The “public charge rule” that the administration introduced in 2019, only to have it challenged in the courts, is now being enforced by the U.S. Citizenship and Immigration Services after a federal court lifted an injunction on its implementation.
The rule authorizes USCIS to deny a green card to any immigrant who receives certain public benefits – such as food stamps, public housing vouchers, welfare, or Medicaid – for more than 12 months within any three-year period. The expressed purpose of the rule is to deny green cards to individuals who may become dependent on publicly funded services – a so-called “public charge.”
Health care providers have expressed concern that some people who are not subject to public charge review will mistakenly believe they are, avoid enrolling in Medicaid if they qualify – or even withdraw from the program – and turn instead to providers in search of free care when they are sick or injured.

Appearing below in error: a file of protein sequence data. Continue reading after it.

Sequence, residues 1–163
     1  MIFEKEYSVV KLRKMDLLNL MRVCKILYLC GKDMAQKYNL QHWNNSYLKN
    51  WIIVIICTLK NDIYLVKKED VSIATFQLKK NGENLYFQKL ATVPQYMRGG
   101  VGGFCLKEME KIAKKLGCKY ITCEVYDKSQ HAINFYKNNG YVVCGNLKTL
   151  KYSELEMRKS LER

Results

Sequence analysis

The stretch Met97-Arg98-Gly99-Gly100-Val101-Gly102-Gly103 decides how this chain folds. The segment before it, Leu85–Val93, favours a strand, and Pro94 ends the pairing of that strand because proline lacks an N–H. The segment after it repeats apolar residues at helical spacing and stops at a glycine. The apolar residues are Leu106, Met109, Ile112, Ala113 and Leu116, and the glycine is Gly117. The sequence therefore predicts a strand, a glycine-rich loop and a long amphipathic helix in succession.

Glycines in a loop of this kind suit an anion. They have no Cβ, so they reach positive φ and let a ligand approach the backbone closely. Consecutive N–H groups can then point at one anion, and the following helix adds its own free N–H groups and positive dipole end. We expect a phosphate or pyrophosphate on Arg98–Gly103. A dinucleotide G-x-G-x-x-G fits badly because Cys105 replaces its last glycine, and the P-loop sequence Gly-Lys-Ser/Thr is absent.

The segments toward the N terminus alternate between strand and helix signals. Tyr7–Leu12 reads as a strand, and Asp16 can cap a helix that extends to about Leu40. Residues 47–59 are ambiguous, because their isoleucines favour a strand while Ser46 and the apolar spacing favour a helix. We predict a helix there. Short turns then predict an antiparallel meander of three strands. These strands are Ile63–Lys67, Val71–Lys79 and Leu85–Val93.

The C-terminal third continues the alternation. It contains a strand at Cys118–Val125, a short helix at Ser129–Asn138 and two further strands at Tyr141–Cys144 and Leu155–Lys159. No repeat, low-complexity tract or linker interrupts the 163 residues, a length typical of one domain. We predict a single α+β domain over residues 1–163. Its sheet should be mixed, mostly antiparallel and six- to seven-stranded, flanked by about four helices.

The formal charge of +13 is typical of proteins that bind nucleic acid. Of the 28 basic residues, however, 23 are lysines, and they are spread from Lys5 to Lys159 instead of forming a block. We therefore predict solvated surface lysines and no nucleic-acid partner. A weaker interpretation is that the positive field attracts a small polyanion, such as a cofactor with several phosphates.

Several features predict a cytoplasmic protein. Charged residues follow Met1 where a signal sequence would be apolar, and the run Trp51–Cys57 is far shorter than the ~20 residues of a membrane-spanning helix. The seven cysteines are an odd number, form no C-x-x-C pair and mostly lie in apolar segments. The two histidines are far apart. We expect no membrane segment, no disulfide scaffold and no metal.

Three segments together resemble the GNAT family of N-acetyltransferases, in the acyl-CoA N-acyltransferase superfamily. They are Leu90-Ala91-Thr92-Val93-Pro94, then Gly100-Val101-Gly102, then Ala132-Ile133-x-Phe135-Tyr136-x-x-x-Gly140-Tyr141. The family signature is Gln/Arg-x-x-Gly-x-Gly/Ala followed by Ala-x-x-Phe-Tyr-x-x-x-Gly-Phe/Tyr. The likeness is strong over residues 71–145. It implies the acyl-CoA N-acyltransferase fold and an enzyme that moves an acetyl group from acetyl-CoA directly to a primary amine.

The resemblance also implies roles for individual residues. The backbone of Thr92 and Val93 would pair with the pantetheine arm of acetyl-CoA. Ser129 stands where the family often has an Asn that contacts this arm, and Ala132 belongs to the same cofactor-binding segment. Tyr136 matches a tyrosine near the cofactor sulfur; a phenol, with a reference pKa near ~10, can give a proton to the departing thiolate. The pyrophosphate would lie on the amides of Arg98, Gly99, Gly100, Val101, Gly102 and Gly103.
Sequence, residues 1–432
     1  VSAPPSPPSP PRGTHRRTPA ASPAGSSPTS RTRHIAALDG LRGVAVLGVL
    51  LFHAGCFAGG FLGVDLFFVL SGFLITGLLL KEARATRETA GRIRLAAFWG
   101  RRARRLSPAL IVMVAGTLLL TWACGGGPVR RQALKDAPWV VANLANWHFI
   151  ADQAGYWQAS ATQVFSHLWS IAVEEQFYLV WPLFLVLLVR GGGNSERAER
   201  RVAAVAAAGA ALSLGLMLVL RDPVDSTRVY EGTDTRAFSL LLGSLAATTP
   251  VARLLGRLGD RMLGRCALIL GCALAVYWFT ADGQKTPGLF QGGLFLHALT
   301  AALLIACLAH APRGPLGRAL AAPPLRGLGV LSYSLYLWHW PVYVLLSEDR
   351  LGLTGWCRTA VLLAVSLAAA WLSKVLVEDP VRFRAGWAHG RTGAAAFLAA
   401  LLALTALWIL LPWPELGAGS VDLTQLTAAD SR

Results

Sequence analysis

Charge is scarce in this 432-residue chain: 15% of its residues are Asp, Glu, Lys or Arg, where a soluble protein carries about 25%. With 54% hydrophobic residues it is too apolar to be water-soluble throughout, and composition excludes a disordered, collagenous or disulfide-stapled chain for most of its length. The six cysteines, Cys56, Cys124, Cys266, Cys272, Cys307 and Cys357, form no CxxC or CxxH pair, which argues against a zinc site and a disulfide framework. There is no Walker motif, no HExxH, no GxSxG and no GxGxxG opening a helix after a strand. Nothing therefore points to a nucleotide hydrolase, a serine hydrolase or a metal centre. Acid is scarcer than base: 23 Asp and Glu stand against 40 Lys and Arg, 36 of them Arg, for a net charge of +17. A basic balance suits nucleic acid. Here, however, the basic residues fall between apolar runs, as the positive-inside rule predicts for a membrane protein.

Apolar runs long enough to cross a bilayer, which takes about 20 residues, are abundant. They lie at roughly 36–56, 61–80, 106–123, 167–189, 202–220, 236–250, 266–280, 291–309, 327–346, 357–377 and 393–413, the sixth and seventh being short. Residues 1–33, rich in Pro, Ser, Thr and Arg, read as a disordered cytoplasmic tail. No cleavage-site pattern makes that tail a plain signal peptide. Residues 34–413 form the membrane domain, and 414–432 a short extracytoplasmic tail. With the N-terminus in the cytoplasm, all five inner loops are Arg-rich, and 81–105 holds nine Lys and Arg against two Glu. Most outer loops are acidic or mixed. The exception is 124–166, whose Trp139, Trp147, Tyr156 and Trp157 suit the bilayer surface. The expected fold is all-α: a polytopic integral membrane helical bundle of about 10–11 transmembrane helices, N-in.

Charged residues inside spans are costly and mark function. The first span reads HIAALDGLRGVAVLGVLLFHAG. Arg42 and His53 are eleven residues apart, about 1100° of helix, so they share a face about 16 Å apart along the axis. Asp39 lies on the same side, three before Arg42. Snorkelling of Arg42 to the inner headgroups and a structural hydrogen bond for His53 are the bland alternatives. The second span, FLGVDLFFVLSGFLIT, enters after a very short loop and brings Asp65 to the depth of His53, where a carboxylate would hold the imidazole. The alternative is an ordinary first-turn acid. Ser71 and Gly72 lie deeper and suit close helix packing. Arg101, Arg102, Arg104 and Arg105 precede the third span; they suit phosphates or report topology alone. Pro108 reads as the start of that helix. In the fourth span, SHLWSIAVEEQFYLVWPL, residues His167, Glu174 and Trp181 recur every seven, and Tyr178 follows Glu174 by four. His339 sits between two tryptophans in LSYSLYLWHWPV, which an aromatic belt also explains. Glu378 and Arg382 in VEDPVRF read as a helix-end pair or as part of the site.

Learn more about the USCIS’s intentions for implementing the public charge rule here and learn more about the latest developments on this issue in the article “Trump administration reimposes ‘public charge’ rule following court victory” in the online publication The Hill.